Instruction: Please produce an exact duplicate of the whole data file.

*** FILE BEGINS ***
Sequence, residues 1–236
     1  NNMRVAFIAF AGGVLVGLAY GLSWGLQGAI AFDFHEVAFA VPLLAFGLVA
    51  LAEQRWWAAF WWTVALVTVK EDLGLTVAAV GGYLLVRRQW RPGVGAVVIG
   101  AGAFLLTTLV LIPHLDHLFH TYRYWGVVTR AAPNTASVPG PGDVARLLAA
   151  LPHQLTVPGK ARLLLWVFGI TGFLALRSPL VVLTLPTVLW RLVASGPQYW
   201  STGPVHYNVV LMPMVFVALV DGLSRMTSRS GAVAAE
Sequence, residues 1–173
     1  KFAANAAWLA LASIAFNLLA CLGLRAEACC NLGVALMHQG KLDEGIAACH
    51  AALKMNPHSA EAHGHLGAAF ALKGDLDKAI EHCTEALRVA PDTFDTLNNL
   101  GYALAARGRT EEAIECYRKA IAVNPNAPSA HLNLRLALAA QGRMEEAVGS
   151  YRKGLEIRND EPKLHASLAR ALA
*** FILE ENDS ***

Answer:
Sequence, residues 1–236
     1  NNMRVAFIAF AGGVLVGLAY GLSWGLQGAI AFDFHEVAFA VPLLAFGLVA
    51  LAEQRWWAAF WWTVALVTVK EDLGLTVAAV GGYLLVRRQW RPGVGAVVIG
   101  AGAFLLTTLV LIPHLDHLFH TYRYWGVVTR AAPNTASVPG PGDVARLLAA
   151  LPHQLTVPGK ARLLLWVFGI TGFLALRSPL VVLTLPTVLW RLVASGPQYW
   201  STGPVHYNVV LMPMVFVALV DGLSRMTSRS GAVAAE
Sequence, residues 1–173
     1  KFAANAAWLA LASIAFNLLA CLGLRAEACC NLGVALMHQG KLDEGIAACH
    51  AALKMNPHSA EAHGHLGAAF ALKGDLDKAI EHCTEALRVA PDTFDTLNNL
   101  GYALAARGRT EEAIECYRKA IAVNPNAPSA HLNLRLALAA QGRMEEAVGS
   151  YRKGLEIRND EPKLHASLAR ALA